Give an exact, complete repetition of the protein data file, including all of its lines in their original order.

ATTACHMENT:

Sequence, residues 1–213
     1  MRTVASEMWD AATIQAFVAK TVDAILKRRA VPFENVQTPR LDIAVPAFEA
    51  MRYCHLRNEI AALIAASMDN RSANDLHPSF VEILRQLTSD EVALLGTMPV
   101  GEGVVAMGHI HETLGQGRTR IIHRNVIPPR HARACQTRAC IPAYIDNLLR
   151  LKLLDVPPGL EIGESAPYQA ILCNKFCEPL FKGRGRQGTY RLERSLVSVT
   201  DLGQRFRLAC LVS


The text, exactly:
Sequence, residues 1–213
     1  MRTVASEMWD AATIQAFVAK TVDAILKRRA VPFENVQTPR LDIAVPAFEA
    51  MRYCHLRNEI AALIAASMDN RSANDLHPSF VEILRQLTSD EVALLGTMPV
   101  GEGVVAMGHI HETLGQGRTR IIHRNVIPPR HARACQTRAC IPAYIDNLLR
   151  LKLLDVPPGL EIGESAPYQA ILCNKFCEPL FKGRGRQGTY RLERSLVSVT
   201  DLGQRFRLAC LVS